by Michelle Fronheiser
The sun glinted off the waxy green leaves of the Magnolia tree as the wind lifted the light scent and wafted it into the air. Eve sat on the bench mixing memories with present day. Emmy, a sable & white Shetland Sheep Dog, with a tad of blue merle in her—hence her blue eyes—trotted over and dropped a magnolia flower at her feet.
Now does that come with training, or is it just her way of saying she cares? “Eve glanced over to where the male voice drifted from. He was six feet or more, had wicked gray eyes, black hair, short on the sides and a little longer on top, and chiseled features that reminded her of a younger Hugh Jackman. Actually, his haircut reminded her of a military man.
He bent down, picked up the white flower, dusted off the debris, and offered it to her. “From your dog and me.”
“Thank you, but who might you be?” She said. Did she detect a slight quiver in her voice? As she reached out to accept the beautiful flower. Before she took the magnolia, her fingers rubbed her palm and the dampness surprised her. She wasn’t nervous, not really.
“No one important,” he said as he looked off into the distance with a sad and almost despondent gaze.
Her heart ached at the pain in his eyes. Eve didn’t give up. “I’m sorry, I always insist on knowing who my flowers come from, I know Emmy’s name, now it’s your turn.” She paused to give him a chance to answer, and when he didn’t, she added, “Were you in the military?”
He didn’t say anything for several seconds, then turned and said, “I’m just a good Samaritan.” After that he strolled off.
Her heart hitched as she watched him in silhouette stroll away. His shoulders were slumped, his head hanging low. His attitude perplexed Eve. He was really downhearted—she wondered if she should go after him. Having been there when she lost her husband in a Seal action, that was still top secret two-years later, she knew how difficult the pain could be. He needed someone to help him. He needed a friend. Eve wasn’t going to let this go.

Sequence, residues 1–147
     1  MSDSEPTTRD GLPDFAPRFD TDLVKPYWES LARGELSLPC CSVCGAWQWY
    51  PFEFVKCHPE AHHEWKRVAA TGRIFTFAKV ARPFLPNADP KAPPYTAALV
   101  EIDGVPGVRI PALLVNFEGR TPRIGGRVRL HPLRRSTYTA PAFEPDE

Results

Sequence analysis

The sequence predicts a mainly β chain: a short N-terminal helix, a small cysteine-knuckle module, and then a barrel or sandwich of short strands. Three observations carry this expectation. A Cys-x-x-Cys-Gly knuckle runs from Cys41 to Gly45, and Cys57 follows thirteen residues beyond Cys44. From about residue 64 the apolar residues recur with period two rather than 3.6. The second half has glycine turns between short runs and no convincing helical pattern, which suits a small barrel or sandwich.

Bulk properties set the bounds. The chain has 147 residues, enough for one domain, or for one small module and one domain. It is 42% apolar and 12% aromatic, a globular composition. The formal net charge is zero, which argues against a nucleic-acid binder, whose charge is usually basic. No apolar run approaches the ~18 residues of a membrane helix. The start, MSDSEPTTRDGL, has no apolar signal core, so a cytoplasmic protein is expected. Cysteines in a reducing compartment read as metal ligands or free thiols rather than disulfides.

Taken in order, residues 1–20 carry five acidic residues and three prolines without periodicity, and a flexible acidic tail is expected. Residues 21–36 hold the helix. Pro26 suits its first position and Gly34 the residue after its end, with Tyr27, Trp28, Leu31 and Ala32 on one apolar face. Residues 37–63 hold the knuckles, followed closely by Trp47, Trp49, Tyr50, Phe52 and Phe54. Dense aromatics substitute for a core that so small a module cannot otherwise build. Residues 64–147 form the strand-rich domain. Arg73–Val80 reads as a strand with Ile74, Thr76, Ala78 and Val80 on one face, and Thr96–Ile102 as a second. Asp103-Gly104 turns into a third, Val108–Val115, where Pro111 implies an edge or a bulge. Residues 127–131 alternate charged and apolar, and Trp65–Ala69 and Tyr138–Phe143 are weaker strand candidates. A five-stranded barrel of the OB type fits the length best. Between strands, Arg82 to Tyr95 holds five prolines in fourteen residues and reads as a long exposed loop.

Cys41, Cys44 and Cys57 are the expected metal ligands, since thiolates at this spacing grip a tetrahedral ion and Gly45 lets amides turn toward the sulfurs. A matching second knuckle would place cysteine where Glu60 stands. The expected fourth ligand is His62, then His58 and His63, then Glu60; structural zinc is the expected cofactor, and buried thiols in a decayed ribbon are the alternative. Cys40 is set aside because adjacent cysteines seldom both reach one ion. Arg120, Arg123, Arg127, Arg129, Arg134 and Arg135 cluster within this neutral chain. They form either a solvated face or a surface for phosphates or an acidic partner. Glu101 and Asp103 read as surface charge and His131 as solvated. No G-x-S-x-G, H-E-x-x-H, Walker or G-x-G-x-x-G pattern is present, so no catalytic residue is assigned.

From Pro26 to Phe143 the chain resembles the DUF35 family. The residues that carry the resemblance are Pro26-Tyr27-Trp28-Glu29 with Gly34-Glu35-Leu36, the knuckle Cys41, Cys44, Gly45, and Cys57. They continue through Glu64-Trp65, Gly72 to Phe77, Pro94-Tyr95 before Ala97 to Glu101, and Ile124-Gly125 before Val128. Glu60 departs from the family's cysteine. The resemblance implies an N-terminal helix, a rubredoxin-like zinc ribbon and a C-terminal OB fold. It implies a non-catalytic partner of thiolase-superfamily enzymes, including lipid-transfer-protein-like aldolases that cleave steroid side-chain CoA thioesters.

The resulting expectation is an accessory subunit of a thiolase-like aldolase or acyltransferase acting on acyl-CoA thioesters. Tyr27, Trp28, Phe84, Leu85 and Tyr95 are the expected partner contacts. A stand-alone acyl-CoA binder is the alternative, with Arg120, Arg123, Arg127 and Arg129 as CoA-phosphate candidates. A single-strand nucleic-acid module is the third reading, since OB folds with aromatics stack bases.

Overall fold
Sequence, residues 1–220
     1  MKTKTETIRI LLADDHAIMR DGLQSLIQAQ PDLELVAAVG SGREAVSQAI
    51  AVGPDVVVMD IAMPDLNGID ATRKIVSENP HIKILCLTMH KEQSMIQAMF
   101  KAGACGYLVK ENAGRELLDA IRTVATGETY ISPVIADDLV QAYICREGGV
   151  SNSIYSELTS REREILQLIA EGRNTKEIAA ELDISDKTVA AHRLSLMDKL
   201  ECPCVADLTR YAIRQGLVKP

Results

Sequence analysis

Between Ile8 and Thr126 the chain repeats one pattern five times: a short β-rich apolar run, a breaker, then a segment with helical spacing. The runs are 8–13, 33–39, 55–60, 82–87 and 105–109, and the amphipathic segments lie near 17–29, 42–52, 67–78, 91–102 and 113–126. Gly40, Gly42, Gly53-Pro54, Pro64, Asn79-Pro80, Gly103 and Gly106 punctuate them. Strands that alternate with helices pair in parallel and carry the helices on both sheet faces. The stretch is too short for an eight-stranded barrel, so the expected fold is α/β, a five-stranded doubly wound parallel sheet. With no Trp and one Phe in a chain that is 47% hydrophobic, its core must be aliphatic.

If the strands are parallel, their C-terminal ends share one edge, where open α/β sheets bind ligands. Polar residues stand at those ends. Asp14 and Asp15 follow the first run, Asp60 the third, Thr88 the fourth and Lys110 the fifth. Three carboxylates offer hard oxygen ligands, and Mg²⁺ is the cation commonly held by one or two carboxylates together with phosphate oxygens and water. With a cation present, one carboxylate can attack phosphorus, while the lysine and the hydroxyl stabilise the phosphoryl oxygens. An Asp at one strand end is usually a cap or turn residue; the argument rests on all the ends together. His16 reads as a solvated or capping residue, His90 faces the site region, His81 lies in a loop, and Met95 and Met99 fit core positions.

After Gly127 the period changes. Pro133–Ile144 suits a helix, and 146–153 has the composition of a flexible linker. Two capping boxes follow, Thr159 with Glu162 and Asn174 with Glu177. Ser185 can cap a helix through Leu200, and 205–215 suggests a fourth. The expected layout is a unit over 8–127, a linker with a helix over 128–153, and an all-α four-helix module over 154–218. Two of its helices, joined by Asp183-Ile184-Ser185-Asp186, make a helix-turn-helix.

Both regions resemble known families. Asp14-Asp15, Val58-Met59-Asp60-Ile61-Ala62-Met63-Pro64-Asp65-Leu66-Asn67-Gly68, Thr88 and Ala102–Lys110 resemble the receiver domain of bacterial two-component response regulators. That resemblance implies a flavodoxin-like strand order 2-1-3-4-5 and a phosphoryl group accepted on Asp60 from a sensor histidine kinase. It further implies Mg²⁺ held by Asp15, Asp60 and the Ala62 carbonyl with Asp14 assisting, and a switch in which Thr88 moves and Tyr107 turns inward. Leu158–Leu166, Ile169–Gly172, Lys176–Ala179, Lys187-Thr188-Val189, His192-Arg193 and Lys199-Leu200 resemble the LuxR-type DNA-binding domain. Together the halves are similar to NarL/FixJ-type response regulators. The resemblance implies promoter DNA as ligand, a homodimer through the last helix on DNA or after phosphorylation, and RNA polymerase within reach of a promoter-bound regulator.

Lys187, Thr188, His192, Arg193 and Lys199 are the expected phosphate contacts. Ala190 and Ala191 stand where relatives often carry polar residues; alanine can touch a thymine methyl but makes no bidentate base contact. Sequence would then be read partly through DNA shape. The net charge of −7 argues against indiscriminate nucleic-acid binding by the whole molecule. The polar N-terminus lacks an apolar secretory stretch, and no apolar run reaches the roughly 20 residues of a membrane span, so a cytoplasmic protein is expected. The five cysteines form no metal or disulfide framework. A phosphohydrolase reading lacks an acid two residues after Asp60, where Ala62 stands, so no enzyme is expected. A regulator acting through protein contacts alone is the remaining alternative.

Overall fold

Eve and Emmy strolled into the house. Within minutes, her son, Brad called out, “Mom, I need you upstairs.”
Brad, her pride and joy, sustained her after she lost Joseph. She stood in the doorway to her son’s room, and the recruitment poster reminded her of the man she met in the park. What could she do to help him? Brad was trying to get her attention.
“Earth to mom. Earth to mom.”
“Sorry, Brad. I zoned out a moment. What is it you need?”
Brad inhaled sharply, then started rambling a mile a minute. “Okay, first you have to promise not to get mad at me. I’m just trying to help. You’re not happy, and I thought a man might make you happy. And I think …
“Bradley, what have you done?”
“Hey, don’t freak. Chill. I’ve just been emailing Josh. We’ve been chatting. He seems real nice. Making my move, I suggested that you and he meet in the park in the next couple of days.”
“Bradley. You didn’t. We don’t even know this man. You never agree to meet people you meet online? How many times have I told you this?!”
“You’re freaking. Chill. I’m not going to meet him. You are.”
“Like that makes it all right,” Eve said shaking her head.
“Mom, you’re not letting me tell you the problem.”
“This isn’t the problem? What on Earth could be worse than this?”
“His email back to me. Here, I printed it out.”
Eve picked up the piece of paper and sat on the edge of Brad’s soccer decorated bedspread. She began to read:
As much as I am sure your mom is really nice I won’t be able to meet her. I probably won’t be around much longer, although I enjoyed our recent emails. You see, Brad, my wife was with me in Iraq. She was a military combat medic. I was supposed to protect her—and I failed. She died in Iraq when a suicide bomber got her. I wasn’t with her that day—but I was supposed to be. I should have died, too. I have to change that—I have to correct that mistake. — Josh